It had been quiet in Kovel sector for eight days. The enemy’s efforts slackened noticeably and there were rumors that the Red Army was preparing a major offensive. The high commands of the armed forces (OKW) and the army (OKH) were convinced that it was going to come in the Kovel-Ternopol area and would thus be directed mainly against Army Group North Ukraine. Following the pitiless and desperate fighting southwest of Kovel during the winter and spring of 1944, intelligence confirmed the buildup of enemy forces opposite Army Group North Ukraine. No one knew that this was an elaborate ruse on the part of the Soviets. They had simulated a massive buildup by running numerous empty trains into this area. As a result, the German command decided to launch a major assault to clear the situation in the Kovel area. The attack, which was proposed by Feldmarschall Model (the commander in chief of Army Group North Ukraine), required the transfer south of significant tank forces from Army Group Center.
In Army Group North Ukraine’s sector a total of eight panzer and two panzer-grenadier divisions were supposed to prevent the enemy from breaking through Lvov and Warsaw to Königsberg and cutting off both Army Group North and Army Group Center.
As part of this concentration of forces on 8 May the Panzer Regiment Wiking was withdrawn from Fortress Kovel and was moved to Maciejow as corps reserve. At 4:30 P.M. on that May day—exactly one year before the end of the war—Standartenführer Hannes Mühlenkamp reported to the command post of the LVI Panzer Corps. The corps, which was commanded by General Hossbach, had been reduced to the 4th Panzer Division, the 101st Mountain Division and the 26th and 131st Infantry Divisions. The corps’ chief of staff, General Staff Oberst von Bonin, explained the situation to Standartenführer Mühlenkamp:
“Mühlenkamp, as your regiment is the armored reserve group I am giving it the job of conducting reconnaissance for counterattacks by the 4th Panzer Division and the 26th, 131st and 342nd Infantry Divisions. You are to scout all the roads thoroughly and establish contact with the named divisions immediately.”
The Panzer Regiment Wiking had become the “corps fire-brigade.”
The Soviet offensive began early on the morning of 22 June 1944. The Germans were taken completely by surprise, for instead of Army Group North Ukraine the attack struck the entire front of Army Group Center.
Thirty-eight German divisions (not one of which was a panzer division) manning an arc-shaped sector of front 1,100 kilometers long faced an onslaught by 185 Russian divisions with approximately 2,500,000 men attacking on a 700-kilometer front. This huge army was spearheaded by 6,100 tanks and self-propelled guns. 45,000 guns began the offensive with a barrage that lasted up to 14 hours. 7,000 Soviet aircraft of all types, including the feared Il-2 “Butchers,” supported the attack. Never before had the Russian theater seen such a concentration of men and arms.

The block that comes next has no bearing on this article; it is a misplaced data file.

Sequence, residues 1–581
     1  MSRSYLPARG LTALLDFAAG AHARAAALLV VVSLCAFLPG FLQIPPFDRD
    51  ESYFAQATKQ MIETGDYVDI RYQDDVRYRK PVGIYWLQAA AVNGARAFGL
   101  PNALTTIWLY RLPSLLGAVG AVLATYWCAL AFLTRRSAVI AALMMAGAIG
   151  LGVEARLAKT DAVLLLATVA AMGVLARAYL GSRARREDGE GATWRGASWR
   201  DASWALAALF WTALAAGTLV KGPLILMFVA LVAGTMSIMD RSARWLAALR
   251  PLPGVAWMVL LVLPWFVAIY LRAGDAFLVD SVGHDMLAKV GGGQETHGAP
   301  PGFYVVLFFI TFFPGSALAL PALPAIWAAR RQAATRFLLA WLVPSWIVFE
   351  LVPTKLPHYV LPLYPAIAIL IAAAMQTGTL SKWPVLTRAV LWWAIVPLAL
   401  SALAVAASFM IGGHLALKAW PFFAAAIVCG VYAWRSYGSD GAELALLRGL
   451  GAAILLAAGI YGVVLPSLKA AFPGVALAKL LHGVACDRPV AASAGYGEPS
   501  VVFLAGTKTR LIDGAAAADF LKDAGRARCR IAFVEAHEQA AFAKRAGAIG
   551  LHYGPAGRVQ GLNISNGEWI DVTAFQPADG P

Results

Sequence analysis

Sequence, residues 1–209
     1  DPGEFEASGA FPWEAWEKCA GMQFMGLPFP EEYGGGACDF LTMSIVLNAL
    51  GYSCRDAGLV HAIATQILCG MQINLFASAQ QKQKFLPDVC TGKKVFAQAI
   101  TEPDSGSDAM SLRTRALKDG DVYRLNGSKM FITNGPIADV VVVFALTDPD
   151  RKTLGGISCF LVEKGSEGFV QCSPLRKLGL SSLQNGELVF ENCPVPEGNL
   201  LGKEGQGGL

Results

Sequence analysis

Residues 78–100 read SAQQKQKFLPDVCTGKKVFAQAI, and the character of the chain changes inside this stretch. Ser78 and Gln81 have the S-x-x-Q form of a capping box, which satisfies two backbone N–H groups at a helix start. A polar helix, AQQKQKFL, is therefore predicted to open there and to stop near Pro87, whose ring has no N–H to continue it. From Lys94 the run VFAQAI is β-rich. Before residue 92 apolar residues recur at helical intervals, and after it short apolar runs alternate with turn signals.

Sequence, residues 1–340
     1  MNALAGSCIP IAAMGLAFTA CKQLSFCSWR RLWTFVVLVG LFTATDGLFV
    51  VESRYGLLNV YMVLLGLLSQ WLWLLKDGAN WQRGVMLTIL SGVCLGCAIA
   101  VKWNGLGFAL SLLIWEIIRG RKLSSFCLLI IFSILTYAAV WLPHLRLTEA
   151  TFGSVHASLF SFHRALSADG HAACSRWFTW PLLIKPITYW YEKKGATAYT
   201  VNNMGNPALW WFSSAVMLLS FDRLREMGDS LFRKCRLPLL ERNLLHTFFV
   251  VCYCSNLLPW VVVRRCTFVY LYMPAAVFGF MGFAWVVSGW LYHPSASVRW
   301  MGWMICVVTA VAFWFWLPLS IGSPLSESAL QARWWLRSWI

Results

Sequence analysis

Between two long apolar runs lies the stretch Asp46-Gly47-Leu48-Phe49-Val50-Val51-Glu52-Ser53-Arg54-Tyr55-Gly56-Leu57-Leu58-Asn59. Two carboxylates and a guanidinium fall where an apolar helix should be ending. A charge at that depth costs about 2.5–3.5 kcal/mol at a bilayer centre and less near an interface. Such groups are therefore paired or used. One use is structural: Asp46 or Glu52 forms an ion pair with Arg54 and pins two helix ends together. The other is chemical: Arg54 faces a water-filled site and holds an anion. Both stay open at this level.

Facing this tremendous military force were 500,000 German troops, of whom 400,000 were in defensive positions. At this critical hour Army Group Center lacked the armored divisions which had been transferred to the northern Ukraine. It lacked the heavy weapons which were necessary to halt the Russian steamroller.
At approximately 10 P.M. on 22 June 1944 the decimated II Battalion was handed over to Hauptsturmführer Reicher. At that point in time none of the men were aware of the catastrophe that was taking place to the north of them. All remained quiet in the Kovel area. This was exactly the opposite of what the OKH had predicted. The experts had made a fundamental miscalculation. In no way was Kovel the beginning or the end point of the Soviet offensive.
Bit by bit reports of the catastrophic events of the Russian offensive trickled through to the officers of the Mühlenkamp regiment. When the regiment was then moved into a quartering area west of Kovel and was subordinated to the LVI Panzer Corps again, everyone was convinced that things were going to “get going” there too.
The units moved into their old quartering areas near Maciejow and Tupaly. There followed a time of hectic transfers and subordinations, however the tank crews were unaffected. There were several minor actions in the period until 6 July, but then all hell broke loose in the Kovel area again. The men of the Panzer Regiment Wiking were called upon to fight one more battle near Kovel, which would demand the utmost of all of them.
“Gentlemen, the situation of Army Group Center forces us to also withdraw our lines step by step. On 6 July we fall back to the Red Line, one day later to the Green Line, and so on. ‘Battle Group Mühlenkamp’ will remain in the Kovel area to cover our withdrawal movements until all of the infantry units have gone. Standartenführer Mühlenkamp, your job is to hold the enemy until the infantry has reached the new line and dug itself in.” Hannes Mühlenkamp now had a clear picture of the situation. Army Group Center’s situation was desperate. On 5 July it had just six infantry divisions left. The huge pocket between Minsk and Baranovichi had been closed and it could be only hours before the last divisions were destroyed.
At 1:15 P.M. II Battalion reported through Obersturmführer Nicolussi-Leck that enemy infantry assembly areas had been located in the Dolhonosy area.